One of the most fascinating structural additions to the new Durfee was the celebrated glass tower. Constructed to accommodate the flower stalk of a venerable specimen of Agave americana, the structure rose from the center of Durfee like a lighthouse keeping watch over a sea of glass and plants. The plant it admirably displayed had an interesting lineage and its Victorian caretakers took great pains to do it justice. Originally propagated in 1825 at the old Ames homestead in Chicopee, Mass., the plant was passed by inheritance through several influential owners. Eventually it made its way as a gift to the college into the Durfee palm house in 1867. Here it grew for the next 26 years until just before its 68th birthday.
Then to the delight of many, it began to show signs of flowering, its reputation of a 100-year lapse between blossoms not withstanding. The plant was moved and a tower rose above the greenhouse in anticipation. The interest this event aroused was considerable. The observation tower was provided with a staircase going up and around the flower stalk and had several viewing platforms. It may have been the only greenhouse ever constructed for a single flower stalk. The curious came in droves.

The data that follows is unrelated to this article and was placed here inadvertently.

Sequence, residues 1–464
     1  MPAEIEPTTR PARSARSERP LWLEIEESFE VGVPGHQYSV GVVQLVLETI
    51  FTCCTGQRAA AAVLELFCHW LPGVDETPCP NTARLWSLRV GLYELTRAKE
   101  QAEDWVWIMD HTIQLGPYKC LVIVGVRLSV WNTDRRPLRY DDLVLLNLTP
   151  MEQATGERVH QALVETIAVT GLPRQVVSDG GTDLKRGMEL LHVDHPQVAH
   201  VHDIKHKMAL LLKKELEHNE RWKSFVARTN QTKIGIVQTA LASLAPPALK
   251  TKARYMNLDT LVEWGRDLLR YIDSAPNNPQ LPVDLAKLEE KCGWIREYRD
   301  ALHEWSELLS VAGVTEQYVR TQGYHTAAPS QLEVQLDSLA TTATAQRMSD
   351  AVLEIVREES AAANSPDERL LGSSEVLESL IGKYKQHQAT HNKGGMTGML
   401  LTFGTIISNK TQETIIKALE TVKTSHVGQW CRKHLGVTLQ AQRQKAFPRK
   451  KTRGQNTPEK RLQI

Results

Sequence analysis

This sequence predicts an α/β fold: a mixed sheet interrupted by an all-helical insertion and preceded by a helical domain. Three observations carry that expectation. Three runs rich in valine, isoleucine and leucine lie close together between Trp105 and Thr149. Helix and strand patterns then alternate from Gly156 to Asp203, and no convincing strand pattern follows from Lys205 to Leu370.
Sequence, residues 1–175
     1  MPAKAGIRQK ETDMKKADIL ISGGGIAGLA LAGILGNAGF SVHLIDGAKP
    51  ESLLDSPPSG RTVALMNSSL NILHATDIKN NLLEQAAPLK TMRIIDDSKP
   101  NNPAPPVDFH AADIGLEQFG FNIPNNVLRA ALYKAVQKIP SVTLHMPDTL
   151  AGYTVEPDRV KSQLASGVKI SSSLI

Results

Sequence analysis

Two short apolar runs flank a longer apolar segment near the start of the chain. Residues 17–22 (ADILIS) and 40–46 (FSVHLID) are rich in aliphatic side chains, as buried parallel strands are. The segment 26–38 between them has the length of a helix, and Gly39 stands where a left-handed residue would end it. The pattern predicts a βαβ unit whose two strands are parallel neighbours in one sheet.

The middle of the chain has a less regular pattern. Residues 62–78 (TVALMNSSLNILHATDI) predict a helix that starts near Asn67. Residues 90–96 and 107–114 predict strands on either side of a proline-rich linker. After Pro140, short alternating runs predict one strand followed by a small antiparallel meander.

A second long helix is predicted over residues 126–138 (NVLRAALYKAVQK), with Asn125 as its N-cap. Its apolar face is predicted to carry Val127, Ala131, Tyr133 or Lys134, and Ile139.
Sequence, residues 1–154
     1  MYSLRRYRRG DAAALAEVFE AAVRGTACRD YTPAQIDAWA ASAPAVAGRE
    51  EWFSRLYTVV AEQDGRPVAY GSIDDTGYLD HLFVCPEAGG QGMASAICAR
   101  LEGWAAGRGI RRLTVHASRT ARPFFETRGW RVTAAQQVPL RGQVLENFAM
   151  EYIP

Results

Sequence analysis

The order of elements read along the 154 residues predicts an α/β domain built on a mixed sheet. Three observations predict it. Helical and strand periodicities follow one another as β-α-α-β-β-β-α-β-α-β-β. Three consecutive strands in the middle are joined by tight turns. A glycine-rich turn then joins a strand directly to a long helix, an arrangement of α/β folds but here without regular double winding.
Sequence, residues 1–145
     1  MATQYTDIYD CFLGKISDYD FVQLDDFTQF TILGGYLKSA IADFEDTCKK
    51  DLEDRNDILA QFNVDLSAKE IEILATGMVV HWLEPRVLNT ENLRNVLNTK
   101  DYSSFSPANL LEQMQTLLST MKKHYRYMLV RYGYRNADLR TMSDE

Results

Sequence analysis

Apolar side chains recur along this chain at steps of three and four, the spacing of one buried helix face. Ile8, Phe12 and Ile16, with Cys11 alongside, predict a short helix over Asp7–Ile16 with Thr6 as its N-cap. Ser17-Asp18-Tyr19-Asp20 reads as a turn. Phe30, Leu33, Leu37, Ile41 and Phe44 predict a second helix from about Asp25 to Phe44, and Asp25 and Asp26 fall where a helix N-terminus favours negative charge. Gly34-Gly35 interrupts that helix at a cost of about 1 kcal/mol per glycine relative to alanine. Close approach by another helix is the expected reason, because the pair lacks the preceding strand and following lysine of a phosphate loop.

The plant was weighed—nearly 2,000 pounds—had its more than 3,000 buds counted, and was viewed by countless visitors. Perhaps the thought of experiencing the 'very intoxicating but offensive smelling juice' rendered from the cutting out of the central bud was too exciting for the tourists of the day to miss. The century plant had its glorious day and its own glass high tower courtesy of an appreciative college. In 1893 M. A. C. would also win a Grand Prize at the St. Louis World's Fair for its Agricultural Exhibit.